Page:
My point is this: no matter how anti-stuff you want to be, how anti-consumerist you aim to be—that’s not the point of Christmas either. Christmas isn’t a time for you to take advantage and spread your message, forcing it on your loved ones. What is it about then?
The bonds that bind. Friends and family. Coming together and, yes, presenting them with a token– that shows your affection and understanding of them. That doesn’t ever automatically equal a dollar amount—that’s just another easy route out. It’s not about, “I love you so much, I spent x dollars on you!” The guy that walks into the Louis Vuitton store and asks for the newest, most expensive bag is just as guilty as not taking the time to understand his wife’s true needs and wants as the person who brushes a gift off by buying a Best Buy gift card for x dollars, or making a donation to a charity in someone else’s name for x dollars.
The problem is not spending, it’s spending blindly, hurriedly, with the goal to get x number of gifts under the tree by such and such date so you don’t feel bad. The problem is not gift-giving, it’s careless and thoughtless gift-giving. These things are most decidedly not meant for the intended recipient, they’re just guilt-soothers. I have gotten a lot of truly wonderful gifts at Christmas time—gifts I’ve truly wanted, cherished, and appreciated. Gifts that show the person has been paying attention to me, has taken an interest in me. Gifts that show those conversations we have are actually registering in their brains, not running in and out of their ears.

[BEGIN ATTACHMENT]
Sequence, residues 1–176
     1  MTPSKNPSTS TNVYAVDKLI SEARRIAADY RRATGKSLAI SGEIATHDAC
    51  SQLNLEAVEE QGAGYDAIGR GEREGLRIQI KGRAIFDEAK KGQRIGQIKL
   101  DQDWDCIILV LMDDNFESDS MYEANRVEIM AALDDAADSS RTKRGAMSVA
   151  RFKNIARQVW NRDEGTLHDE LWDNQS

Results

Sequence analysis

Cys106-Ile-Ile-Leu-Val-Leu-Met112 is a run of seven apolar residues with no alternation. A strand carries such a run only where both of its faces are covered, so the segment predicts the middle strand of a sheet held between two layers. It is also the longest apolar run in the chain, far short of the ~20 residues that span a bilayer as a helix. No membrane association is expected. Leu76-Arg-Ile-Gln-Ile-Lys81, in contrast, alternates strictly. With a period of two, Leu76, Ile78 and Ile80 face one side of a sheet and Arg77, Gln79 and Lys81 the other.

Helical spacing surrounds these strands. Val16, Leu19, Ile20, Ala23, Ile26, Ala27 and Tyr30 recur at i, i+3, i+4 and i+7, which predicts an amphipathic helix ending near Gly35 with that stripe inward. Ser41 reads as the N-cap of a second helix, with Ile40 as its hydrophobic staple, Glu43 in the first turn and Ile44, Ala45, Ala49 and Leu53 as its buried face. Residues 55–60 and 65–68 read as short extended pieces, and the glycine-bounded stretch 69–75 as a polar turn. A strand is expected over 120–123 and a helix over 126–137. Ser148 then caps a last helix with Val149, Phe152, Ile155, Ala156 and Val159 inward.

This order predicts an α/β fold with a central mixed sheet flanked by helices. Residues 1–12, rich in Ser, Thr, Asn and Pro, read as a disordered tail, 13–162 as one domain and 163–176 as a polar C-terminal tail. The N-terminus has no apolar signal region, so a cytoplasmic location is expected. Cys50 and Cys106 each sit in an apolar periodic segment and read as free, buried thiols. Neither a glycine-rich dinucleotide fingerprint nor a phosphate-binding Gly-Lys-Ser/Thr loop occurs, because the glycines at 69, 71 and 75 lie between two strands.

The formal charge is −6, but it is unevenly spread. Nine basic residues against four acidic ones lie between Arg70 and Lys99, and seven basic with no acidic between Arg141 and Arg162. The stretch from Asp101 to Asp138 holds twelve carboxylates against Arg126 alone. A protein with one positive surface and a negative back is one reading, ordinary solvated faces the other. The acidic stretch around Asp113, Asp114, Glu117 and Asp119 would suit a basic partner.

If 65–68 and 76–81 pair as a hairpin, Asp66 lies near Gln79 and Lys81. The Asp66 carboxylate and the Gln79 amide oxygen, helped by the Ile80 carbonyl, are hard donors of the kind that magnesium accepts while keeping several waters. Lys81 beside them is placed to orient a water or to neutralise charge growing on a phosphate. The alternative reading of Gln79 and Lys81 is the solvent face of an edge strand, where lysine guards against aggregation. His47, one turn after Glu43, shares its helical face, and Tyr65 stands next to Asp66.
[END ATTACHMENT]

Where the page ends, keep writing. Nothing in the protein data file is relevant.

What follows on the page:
If you really pay attention to your loved ones, I can guarantee you will absolutely think of something that will be cherished by them—at any price range. That’s the right thing to do at Christmas. Be thoughtful. Be patient. Be creative. Gift-giving, too, is an art. Just because it’s been tarnished by so much treacherous marketing doesn’t make it something to simply cast aside.
I think of the Japanese when I think of gift-giving, who incorporate it into daily life. They have intense rituals surrounding the subject which you can find more info on here but the best advice I can give the Anti-Stuff crowd for Christmas comes from them: “Choose perishable/edible gifts. In general don’t buy things such as ornaments, vases, and kitchenware; it’s already assumed that everyone has these things. To do so may imply that you don’t approve of the other person’s taste. Also, most Japanese houses are very small and don’t have extra space for useless junk.”
By the way, they also put a lot of time and thought into the presentation of the gift. If you think about it, this makes sense. It can enrich the experience of receiving the gift and is something they do not have to keep as it is either disposable or something purposeful (a small purse, bag, etc.). So shake off the bah-humbugness out there and spread some holiday cheer, after all there’s more than one way to fight a Consumerist Christmas.